- The market closed 2021 near its 12-month and all-time highs. In 4Q21, the S&P 500 returned 11.03% and theS&P 400 MidCap returned 8.00%. In 2021, the S&P 500 returned 28.71%; the S&P 400 MidCap returned 24.76%.
- While 2021 was a great year, the start of 2022 is anything but great. Inflation is lasting longer than the FederalReserve previously indicated, and it needs to raise rates sooner and faster in 2022. Core CPI growth of 5.5% in December was the highest in over 30 years. The market is factoring in higher interest rates, which may result in lower multiples.
- 10-year U.S. Treasury rates ended 4Q where they started at 1.5%. In January, the 10-year has spiked to 1.81%.
- U.S. unemployment fell to 4.2% in November. Throughout 2021, the labor force participation rate remained at a level not seen since 1976, before the widespread participation of women in the workforce. Labor and inventory shortages (including semiconductors) and supply chain disruptions remain prevalent. As long-time investors in semiconductor manufacturing technology, we are pleased to see the world recognize the need for investment.
- The Fed indicated an intention to taper its bond-buying by $15 billion per month and raise interest rates in 2022. Jerome Powell, recently nominated to a second term as Chairman, said “transitory” is no longer an accurate term to describe the current high inflation rate. Other than Paul Volcker, the Fed’s Board Governors have a history of accommodative policies that have long provided a tailwind for equities, and we believe this is unlikely to change.
- The higher rates anticipated by the markets are still well below inflation, which makes equities a way to earn a real return. To achieve a real return, companies must have pricing power and growth plans.
- In December, the Omicron variant of COVID-19 ripped around the world, disrupting the holiday season. Fortunately, it is less lethal, although more contagious, than earlier variants. We are hopeful that Omicron’sretreat brings a return to many aspects of pre-COVID life sometime in 2022.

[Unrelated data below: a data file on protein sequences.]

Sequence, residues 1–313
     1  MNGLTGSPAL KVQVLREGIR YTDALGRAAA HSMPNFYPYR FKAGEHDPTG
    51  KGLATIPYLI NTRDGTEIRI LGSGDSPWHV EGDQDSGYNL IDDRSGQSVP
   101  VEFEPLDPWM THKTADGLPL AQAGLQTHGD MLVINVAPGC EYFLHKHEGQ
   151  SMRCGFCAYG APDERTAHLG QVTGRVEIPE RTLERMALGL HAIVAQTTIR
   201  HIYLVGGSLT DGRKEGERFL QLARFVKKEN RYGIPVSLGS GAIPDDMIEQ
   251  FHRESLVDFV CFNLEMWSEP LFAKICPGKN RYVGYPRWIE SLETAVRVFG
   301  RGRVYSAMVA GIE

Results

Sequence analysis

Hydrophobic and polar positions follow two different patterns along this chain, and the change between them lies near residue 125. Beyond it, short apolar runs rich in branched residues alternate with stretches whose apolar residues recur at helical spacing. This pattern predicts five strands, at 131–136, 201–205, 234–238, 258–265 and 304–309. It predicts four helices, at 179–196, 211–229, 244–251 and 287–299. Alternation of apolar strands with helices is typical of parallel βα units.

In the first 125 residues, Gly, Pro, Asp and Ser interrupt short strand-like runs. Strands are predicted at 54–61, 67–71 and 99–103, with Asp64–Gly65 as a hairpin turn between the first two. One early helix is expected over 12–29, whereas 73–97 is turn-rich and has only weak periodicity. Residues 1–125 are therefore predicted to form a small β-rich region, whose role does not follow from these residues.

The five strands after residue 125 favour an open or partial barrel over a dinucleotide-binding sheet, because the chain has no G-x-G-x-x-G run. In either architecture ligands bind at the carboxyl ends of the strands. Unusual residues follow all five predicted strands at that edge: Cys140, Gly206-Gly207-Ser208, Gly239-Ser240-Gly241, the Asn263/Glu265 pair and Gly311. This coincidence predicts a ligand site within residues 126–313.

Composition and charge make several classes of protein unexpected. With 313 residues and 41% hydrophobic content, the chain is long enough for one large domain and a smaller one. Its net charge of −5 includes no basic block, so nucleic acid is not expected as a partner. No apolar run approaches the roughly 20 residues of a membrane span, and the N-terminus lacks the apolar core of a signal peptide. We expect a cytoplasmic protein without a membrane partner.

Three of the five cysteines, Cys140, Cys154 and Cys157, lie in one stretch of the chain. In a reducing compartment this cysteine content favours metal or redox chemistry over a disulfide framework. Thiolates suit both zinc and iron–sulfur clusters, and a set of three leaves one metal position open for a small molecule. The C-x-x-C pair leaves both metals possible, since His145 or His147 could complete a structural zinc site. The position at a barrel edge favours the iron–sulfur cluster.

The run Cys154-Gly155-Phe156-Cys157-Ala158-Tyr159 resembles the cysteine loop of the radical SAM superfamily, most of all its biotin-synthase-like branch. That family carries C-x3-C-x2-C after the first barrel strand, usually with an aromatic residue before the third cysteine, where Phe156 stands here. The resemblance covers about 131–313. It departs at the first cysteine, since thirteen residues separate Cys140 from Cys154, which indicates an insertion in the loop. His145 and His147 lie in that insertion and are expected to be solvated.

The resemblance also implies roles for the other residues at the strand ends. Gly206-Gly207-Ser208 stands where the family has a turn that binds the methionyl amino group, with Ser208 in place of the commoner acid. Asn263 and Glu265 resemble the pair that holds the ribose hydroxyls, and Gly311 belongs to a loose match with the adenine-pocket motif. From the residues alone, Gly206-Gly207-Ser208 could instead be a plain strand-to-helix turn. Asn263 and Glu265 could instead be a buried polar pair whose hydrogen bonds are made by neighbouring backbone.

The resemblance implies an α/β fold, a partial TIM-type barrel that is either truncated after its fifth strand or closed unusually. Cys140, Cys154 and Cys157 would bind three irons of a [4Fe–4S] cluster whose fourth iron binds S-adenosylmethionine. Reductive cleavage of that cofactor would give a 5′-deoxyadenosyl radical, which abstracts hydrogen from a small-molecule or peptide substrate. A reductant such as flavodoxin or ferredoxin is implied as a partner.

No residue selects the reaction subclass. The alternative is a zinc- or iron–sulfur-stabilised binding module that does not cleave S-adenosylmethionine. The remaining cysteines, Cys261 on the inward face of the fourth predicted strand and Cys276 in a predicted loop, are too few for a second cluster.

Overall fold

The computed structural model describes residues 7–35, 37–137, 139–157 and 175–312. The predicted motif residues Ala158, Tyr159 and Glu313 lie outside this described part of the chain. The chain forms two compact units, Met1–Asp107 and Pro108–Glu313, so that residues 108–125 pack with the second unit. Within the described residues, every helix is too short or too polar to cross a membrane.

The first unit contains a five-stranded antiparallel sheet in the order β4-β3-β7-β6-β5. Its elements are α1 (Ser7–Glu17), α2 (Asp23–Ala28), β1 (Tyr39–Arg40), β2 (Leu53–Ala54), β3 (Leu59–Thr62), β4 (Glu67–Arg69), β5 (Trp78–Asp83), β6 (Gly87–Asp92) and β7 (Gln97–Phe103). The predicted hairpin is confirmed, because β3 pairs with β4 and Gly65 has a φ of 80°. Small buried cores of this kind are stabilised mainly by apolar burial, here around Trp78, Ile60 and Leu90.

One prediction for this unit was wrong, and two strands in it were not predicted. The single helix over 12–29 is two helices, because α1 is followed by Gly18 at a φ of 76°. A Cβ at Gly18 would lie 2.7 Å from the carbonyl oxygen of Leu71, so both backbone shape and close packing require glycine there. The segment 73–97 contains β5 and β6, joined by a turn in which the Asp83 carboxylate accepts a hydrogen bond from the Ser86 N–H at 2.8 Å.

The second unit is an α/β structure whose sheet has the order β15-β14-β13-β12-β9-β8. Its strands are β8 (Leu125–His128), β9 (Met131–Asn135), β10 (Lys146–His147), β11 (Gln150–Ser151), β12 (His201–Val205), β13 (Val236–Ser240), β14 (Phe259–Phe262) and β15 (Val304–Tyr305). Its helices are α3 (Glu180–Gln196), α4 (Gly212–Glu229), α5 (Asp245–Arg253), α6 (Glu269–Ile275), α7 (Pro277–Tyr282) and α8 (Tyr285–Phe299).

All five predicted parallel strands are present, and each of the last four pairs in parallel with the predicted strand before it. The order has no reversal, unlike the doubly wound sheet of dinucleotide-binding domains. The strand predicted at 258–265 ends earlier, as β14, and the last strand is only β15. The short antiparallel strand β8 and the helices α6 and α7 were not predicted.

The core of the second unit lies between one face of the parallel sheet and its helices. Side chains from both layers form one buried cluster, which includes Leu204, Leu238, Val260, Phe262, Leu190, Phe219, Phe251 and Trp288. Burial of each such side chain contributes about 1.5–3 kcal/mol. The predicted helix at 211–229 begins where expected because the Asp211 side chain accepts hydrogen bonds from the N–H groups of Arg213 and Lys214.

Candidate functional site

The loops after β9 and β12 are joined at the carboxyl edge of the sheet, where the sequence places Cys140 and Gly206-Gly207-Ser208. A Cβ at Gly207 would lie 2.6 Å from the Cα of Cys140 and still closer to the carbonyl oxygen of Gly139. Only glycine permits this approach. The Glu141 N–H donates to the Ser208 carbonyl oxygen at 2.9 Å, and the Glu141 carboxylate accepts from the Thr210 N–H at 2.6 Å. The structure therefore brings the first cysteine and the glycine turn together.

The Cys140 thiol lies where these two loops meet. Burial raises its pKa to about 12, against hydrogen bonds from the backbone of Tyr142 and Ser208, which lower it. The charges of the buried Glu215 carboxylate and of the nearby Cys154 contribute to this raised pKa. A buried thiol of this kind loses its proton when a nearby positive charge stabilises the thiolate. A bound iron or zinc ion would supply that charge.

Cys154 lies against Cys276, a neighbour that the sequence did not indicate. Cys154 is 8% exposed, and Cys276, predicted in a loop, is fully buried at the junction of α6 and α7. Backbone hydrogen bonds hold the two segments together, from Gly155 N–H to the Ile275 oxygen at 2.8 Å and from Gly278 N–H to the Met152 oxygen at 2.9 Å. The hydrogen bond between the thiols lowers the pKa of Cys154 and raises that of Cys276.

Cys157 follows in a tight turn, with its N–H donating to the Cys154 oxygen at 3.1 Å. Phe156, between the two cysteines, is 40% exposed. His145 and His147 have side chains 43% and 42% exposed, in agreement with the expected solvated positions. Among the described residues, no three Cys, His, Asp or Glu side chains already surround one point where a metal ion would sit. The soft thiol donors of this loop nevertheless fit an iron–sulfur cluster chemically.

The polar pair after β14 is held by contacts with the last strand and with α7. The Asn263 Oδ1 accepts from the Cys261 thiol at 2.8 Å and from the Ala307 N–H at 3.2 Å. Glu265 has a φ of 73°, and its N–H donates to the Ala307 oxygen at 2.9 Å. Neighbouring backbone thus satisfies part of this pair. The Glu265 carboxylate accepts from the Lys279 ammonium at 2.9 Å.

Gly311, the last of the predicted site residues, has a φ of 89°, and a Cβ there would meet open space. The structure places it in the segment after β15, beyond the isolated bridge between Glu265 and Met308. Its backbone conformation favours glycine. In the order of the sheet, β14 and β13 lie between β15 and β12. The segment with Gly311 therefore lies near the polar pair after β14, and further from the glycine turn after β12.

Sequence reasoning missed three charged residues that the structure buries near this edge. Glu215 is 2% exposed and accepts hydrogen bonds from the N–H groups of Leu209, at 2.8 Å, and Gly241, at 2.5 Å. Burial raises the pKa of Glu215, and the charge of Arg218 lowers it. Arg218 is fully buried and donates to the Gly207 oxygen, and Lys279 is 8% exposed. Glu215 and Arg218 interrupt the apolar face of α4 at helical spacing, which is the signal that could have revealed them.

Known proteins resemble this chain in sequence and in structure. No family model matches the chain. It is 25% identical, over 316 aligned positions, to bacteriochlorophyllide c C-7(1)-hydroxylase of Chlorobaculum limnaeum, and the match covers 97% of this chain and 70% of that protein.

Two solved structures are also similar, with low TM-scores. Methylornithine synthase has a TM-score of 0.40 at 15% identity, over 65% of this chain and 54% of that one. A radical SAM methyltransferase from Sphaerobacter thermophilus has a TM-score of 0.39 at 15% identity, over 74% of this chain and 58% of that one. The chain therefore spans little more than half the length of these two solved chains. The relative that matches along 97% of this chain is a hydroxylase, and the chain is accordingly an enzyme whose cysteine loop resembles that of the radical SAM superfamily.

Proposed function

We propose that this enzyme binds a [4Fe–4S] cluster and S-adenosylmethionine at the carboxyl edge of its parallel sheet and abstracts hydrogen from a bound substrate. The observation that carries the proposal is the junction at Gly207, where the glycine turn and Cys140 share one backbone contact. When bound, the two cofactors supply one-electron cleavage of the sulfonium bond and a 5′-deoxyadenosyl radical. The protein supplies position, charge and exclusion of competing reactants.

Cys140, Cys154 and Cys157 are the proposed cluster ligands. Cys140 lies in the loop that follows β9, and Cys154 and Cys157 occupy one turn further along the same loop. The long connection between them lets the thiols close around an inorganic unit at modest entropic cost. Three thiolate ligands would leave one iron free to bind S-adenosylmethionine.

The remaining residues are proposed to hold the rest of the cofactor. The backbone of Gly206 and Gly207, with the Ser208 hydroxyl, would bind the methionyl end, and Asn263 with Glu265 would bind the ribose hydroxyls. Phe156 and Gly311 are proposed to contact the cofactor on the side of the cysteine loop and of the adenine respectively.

- A range of industries performed well in 4Q21, including technology, industrials, real estate, utilities, consumer discretionary and staples, and materials.
IMPACTS ON PORTFOLIO PERFORMANCE
- The Fund’s Institutional (NEEIX) and Retail classes (NEEGX) returned 6.91% and 6.81% respectively in 4Q21. In 2021, NEEIX returned 28.18% and NEEGX returned 27.68%.
- The Fund’s allocation to technology was a contributor, but stock selection was the dominant reason for the 4Q21 results. PDF Solutions, Inc, (PDFS) was the leading contributor; it reported strong results for its Exensio semiconductor manufacturing data analytics business. Other leading contributors were some of the Funds’ largest positions – Nova, Ltd. (NVMI), Thermo Fisher Scientific Inc. (TMO), and Aspen Aerogels Inc. (ASPN). Aspen Aerogels was by far the leading contributor for the year as it achieved design wins with electric vehicle makers. Aspen’s PyroThin is used to prevent thermal runaway in lithium-ion batteries. These companies, plusEntegris Inc. (ENTG) were the leading contributors for the year.
- The Fund’s lack of exposure to the energy and consumer discretionary sectors was a minor detriment to performance in 4Q21.
- With 15% turnover, the Fund does not rotate into or out of sectors, but invests in companies we believe can outperform over the long-term.
- There were no significant new positions or exits in 4Q21. The Fund took advantage of market weakness to increase the size of many established positions.
- The Fund reduced positions in Aspen Aerogels and PDF Solutions after significant outperformance. We also sold about half of the Fund’s position in NeoPhotonics Corporation (NPTN) after it announced an agreement to sell to Lumentum Holdings, Inc. (LITE).
- The Fund ended 4Q21 with 11% cash as a result of inflows. We plan to carefully deploy this capital.
LOOKING AHEAD & OPPORTUNITIES
- Many of our top portfolio holdings have made multi-year investments that we believe position them to deliver growth and positive returns over the next few years. If these investments succeed, they could provide a hedge to macroeconomic factors such as inflation.
- We are optimistic about the short- and long-term opportunities in semiconductor manufacturing technology, which represents approximately 30% of the Fund’s investments.
- The Fund targets investments that we perceive to have significant, unrecognized growth opportunities. COVID-19 hastened the revolutionary development in technology and life sciences; the Fund is a long-term investor in companies that enable the research and manufacturing to bring these developments to market.
- Greater-than-benchmark exposure to stocks with high quality factors might position the Fund for outperformance in future periods of market weakness.